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Nursing home replaced tubs after senior's death: inquiry
Last updated Dec 1 2005 10:24 AM MST CBC News
The bath water that an elderly woman was immersed in may have been as hot as 55 C, a fatality inquiry into her death heard Wednesday.

Maintenance staff testified that tests after 90-year-old Jennie Nelson died, tests were done on the tub which showed the water could have been 10 degrees hotter than the standard set by the health region.

The inquiry, expected to wrap up Friday, has already heard that the temperature gauge was faulty and staff rarely used it, instead testing the temperature with their hands.

On Jan. 11, 2004, the day Nelson was bathed, the aide who filled the tub thought the woman bathing her would test it, while the woman bathing Nelson thought the woman who filled the tub had done it.

Nelson, who had Alzheimer's, died after receiving second-degree burns during a bath at the Jubilee Lodge in Edmonton.

Staff noticed redness on her legs when they removed her from the water.

After her death, the Jubilee installed devices that automatically shut off the water when the temperature reaches 41 C.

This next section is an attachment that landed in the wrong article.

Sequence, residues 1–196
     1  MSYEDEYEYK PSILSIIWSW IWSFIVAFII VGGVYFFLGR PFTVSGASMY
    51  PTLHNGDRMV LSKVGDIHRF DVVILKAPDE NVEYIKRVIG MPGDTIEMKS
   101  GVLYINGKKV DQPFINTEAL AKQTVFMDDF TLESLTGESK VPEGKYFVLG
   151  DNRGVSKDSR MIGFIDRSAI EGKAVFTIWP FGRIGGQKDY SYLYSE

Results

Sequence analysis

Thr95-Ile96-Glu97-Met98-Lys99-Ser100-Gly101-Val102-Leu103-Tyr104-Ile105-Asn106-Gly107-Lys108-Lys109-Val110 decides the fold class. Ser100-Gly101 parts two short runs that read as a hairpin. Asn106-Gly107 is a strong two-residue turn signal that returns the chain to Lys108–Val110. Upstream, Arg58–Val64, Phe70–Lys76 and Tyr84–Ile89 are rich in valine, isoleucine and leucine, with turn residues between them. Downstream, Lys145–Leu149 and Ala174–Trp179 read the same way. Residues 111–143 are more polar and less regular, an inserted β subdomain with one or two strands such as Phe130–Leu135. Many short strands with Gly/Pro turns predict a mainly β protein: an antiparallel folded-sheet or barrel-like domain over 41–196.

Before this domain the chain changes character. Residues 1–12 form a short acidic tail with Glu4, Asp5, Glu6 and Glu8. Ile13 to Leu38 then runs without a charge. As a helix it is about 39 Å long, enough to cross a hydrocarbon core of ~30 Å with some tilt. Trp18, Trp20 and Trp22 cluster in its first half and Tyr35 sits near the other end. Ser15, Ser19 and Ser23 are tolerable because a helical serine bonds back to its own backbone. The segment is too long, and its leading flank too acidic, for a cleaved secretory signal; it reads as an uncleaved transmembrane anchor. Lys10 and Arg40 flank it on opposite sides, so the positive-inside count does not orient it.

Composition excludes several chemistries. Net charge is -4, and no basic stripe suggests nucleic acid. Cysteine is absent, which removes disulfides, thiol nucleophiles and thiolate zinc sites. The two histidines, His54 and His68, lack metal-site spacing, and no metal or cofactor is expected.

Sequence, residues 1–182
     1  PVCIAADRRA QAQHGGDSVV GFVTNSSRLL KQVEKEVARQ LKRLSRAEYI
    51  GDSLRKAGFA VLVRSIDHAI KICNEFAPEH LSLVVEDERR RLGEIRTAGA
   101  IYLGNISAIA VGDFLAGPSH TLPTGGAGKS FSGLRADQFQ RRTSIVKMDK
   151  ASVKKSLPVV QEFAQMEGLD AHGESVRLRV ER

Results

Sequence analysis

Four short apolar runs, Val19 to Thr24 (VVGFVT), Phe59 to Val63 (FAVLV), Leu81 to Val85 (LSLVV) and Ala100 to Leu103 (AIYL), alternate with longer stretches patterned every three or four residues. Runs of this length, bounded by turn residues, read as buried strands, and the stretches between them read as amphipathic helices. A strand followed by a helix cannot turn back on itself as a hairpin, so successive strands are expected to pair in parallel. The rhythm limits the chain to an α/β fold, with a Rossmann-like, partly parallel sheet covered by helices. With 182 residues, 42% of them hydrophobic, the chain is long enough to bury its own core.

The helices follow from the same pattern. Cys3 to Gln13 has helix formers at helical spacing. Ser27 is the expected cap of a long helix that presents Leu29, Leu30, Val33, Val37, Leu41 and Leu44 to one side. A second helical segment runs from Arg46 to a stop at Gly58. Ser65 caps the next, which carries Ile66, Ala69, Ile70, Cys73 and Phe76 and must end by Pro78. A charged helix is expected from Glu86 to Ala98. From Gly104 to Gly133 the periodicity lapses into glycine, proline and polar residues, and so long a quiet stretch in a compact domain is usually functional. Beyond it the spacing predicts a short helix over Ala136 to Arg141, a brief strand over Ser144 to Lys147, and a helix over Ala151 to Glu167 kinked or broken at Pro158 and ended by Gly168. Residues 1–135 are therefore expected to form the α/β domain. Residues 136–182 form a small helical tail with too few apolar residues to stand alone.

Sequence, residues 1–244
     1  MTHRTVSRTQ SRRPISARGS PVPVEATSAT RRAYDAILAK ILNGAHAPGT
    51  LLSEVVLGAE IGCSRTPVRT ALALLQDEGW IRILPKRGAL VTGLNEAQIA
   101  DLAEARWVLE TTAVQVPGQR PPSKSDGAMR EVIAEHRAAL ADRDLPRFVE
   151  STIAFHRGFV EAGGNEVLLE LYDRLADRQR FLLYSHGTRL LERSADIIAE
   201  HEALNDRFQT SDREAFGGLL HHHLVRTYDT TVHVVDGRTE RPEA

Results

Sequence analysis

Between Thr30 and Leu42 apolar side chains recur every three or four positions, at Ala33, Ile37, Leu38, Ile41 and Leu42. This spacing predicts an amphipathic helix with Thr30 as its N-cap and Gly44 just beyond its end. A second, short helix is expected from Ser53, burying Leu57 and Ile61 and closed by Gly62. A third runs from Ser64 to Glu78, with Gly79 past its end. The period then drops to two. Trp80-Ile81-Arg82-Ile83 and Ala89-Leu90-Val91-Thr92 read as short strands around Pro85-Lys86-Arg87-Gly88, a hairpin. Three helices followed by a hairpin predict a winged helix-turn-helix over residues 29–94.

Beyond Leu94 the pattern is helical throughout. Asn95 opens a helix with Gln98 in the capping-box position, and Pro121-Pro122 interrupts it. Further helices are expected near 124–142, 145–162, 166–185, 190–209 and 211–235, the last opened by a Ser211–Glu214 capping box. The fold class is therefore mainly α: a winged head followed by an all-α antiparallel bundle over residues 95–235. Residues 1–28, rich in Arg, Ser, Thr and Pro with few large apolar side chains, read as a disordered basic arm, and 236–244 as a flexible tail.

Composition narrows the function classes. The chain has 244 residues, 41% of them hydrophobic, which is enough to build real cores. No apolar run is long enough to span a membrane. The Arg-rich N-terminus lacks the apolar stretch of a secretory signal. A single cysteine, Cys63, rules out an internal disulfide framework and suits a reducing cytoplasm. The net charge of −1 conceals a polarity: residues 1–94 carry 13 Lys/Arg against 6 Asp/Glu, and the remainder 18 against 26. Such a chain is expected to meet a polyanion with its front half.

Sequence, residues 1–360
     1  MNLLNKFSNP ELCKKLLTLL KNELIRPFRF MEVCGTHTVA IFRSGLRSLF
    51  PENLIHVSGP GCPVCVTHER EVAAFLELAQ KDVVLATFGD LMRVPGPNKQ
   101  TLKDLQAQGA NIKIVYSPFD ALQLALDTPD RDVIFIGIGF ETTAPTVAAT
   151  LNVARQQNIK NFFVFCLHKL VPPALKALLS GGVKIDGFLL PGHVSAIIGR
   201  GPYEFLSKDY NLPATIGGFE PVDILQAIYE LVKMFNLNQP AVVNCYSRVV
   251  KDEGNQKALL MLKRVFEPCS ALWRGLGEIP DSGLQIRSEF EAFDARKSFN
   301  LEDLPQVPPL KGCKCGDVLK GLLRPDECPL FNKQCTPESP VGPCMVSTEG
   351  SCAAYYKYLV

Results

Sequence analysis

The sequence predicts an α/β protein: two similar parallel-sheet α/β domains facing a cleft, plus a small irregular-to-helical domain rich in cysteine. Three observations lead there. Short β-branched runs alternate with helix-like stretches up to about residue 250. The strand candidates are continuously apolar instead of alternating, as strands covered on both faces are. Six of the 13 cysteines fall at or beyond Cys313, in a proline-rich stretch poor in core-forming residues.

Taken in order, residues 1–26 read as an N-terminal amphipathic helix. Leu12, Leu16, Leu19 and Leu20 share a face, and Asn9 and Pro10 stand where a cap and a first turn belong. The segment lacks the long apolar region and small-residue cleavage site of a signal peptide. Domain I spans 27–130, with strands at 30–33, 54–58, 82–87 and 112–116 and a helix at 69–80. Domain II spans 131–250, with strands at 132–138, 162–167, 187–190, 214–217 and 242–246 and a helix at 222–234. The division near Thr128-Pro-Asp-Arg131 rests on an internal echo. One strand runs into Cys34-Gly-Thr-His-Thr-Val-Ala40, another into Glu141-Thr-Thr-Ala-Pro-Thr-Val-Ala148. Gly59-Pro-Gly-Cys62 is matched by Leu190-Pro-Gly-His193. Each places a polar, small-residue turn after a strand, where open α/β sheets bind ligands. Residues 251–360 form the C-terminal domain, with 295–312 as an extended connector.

"We have three of the bathtubs totally replaced," Gregg Ulveland, president of Qualicare, said. "We've revamped our hot-water heating system in terms of a mixing valve, individual control valves on each bathtub."

He told the inquiry that the nursing home's equipment had passed safety checks six months before Nelson's death, and that management has since spent $250,000 on upgrades.

"The safety of our residents, it's our highest priority," Ulveland said. "We put processes in place that, at the time, we thought were correct. This worked for almost a million baths, 800,000.

"When something happens that shows you it's not working or created an incident, then we do whatever we can to prevent it from happening again."

Nelson's family has been attending every day of the testimony, hoping that their mother's death will lead to safer care facilities.

"Better late than never, that's for sure," Nelson's daughter Ethel Robinson said. "But it took our mom's death to bring this to the forefront


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